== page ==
Rockfishing can be fast and furious. Get the Sea Wolf to take you and the kids out fishing on the ocean for some fun and to catch dinner.
The Sea Wolf will be taking you and your crew out for rockfish and lingcod. Lingcod will give you the biggest fight. These gnarly looking fish are excellent to eat. In theory, the kids shouldn't have a problem reeling in both types of fish by themselves.
Be careful handling the fish. The deck crew will be there to help you. If they aren't next to you, just holler out their names. They'll give you advice on how to handle the fish. If you want, they'll remove the hook from the fish and throw it in your burlap bag for you. It's up to you.
Each person should be able to pull in a good number of fish. The crew will make sure you don't go over your limit. To find the current limits on rockfish and lingcod, read through the California Salt Water Fishing Regulations.
They rent out poles for about $10. They also offer tackle packs for about $15. You're buying the tackle so you can take that home with you after the trip.
You can bring your own tackle and poles if you have them.
Where on the Water
It all depends upon the weather and water. The captain might take the boat along the coast, or out to the Farallon Islands. The Farallon Islands ride is a bit longer. But, you have the potential to catch bigger fish out there. Also, you'll probably end up fishing for your bait. Your bait might end up being sand dabs.
If the fishing is hot and heavy, which it might very well be. You might find yourself not looking up at the horizon for a while. You'll be concentrating on dropping your lures at an appropriate speed. Then if the boat is in a "lucky" spot, the second your lure hits the bottom, you'll have a bit. Then you'll be focused on the water right below you. You'll pull the fish up. Pull out the hook. Look for a new anchovy. Bait your hook and then start all over again.
Just to be on the safe side, have everyone take a (sea sickness / motion sickness) pill a hour before you get on the boat. Be sure to read the instructions on the box before you buy them. The number one thing to look for is the age range. Younger children will require different pills from the adults. Ask a person working at the shop for recommendations.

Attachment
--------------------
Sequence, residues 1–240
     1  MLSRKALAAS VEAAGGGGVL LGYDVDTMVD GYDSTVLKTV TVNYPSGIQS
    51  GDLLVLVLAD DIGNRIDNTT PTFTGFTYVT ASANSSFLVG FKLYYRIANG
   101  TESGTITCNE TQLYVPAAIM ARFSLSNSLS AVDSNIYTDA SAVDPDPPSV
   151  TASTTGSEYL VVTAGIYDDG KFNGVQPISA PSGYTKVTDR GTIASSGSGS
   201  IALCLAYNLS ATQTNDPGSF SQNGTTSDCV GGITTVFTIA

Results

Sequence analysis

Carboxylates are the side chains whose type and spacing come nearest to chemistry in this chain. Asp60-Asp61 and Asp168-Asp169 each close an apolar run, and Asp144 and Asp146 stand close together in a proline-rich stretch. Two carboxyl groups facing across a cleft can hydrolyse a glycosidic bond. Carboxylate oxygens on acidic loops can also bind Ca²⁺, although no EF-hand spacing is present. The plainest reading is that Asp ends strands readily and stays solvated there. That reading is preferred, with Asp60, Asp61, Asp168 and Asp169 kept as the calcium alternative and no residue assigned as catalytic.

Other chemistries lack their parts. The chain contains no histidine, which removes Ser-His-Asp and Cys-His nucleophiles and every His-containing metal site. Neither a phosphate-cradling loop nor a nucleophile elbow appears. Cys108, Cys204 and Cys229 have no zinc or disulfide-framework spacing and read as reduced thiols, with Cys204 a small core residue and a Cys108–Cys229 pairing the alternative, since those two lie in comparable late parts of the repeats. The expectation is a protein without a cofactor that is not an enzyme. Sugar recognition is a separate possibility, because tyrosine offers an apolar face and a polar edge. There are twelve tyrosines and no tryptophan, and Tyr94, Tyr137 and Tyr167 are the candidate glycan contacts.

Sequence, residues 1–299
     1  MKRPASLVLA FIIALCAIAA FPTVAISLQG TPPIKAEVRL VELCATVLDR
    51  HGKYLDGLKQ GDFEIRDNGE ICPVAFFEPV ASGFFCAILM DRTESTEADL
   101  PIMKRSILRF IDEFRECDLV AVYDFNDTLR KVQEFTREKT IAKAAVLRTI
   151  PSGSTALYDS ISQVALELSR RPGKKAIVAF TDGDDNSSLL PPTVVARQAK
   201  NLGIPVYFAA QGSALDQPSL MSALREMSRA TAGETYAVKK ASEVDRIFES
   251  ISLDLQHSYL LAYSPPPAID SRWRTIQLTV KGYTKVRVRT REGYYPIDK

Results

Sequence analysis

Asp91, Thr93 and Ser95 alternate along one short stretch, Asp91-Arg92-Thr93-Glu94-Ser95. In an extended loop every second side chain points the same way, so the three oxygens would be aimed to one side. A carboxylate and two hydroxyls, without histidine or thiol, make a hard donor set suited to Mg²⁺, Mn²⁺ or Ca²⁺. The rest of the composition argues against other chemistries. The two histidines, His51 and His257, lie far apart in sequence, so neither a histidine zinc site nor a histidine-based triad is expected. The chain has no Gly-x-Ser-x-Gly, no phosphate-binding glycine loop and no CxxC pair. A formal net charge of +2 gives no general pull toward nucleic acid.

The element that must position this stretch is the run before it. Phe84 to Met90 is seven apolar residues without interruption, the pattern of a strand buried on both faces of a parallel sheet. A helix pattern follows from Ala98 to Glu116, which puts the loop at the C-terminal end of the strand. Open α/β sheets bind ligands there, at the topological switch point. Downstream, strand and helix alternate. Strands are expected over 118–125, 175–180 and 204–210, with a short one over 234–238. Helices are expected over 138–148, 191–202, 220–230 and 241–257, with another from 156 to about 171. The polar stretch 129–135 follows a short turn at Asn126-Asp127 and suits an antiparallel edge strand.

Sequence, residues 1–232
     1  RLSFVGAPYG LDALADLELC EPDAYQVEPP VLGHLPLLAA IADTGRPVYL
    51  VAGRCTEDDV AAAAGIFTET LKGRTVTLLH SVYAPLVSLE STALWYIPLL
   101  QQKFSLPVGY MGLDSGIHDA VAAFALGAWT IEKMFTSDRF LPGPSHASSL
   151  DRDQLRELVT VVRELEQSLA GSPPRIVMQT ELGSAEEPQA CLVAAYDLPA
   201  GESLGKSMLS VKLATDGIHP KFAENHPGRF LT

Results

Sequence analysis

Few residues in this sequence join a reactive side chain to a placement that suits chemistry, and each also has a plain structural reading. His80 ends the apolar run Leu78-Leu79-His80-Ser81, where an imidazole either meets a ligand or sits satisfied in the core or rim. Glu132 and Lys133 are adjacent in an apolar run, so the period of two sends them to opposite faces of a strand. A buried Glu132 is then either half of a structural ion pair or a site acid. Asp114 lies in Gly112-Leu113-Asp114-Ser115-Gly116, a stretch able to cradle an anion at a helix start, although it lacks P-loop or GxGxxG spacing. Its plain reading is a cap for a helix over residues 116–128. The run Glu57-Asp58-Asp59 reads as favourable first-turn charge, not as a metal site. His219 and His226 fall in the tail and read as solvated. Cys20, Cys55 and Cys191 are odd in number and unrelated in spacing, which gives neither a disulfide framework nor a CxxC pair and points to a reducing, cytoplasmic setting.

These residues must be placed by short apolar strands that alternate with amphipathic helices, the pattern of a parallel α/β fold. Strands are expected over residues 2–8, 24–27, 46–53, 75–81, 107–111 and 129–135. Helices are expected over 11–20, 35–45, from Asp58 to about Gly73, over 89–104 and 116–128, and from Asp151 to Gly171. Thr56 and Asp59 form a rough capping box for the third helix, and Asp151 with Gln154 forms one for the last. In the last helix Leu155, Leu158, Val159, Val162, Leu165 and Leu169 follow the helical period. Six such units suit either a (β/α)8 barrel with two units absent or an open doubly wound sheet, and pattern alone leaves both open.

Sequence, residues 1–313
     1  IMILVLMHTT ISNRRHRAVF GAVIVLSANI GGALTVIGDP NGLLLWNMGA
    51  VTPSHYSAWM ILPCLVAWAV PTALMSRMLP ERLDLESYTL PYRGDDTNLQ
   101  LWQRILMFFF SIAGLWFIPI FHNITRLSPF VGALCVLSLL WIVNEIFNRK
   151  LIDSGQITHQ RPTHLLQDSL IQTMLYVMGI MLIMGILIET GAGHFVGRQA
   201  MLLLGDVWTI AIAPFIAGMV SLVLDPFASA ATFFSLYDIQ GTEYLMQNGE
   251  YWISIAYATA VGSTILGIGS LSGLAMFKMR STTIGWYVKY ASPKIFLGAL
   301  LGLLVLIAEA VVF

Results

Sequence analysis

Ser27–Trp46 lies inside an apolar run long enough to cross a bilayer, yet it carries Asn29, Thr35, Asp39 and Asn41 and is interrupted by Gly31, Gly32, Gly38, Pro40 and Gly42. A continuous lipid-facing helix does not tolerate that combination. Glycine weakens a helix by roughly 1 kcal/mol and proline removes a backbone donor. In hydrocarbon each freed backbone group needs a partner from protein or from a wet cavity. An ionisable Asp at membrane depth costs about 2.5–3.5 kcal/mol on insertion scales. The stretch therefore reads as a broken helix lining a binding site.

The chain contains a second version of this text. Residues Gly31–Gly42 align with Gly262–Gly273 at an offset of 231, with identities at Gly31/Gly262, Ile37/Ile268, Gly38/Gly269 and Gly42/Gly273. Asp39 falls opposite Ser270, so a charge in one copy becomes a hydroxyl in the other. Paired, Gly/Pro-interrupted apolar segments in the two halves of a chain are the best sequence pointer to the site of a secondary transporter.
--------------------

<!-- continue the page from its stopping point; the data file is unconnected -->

Adults will need a California fishing license. Those can be purchased online or in specific sporting goods stores. If you get one printed out in a store, they do it on a special type of "paper." If you're buying one for the (year), it's best to go into a shop to get it. That paper is waterproof and will last throughout the season. If you are only getting a (one day) license, buy it online and print it out at home.
The kids might not need a license. If they are under a certain age, they won't. Check the California regulations to make sure.
There's a good amount of parking right next to the docks. Don't forget to pay. It's easy to miss the signs.
It's cheaper to buy a parking pass at the bait shop. They sell them for $3.
Bring every artificially colored, sugared snack you can find on the trip. If the fishing is slow, or if you're motoring between spots, whip out the snacks. If the kids aren't enjoying the fishing, at least they'll enjoy the munch down.
The boat offers a fillet service. Use it! The deck hands are pros at it. They'll leave some bones in your fillets. You can cut those out fairly easily when you get home. Bring a box of Ziploc Glider gallon bags for the fillets.
If you're not going to have the boat fillet your fish, bring a cooler or some garbage bags to put your fish in for the ride home. The garbage bags shouldn't be scented.
The scraps from the filleting make excellent crab bait. If you're planning on taking the kids out crabbing, ask the deck hand, Darren, to throw them in your burlap bag. The just chuck them over the side otherwise.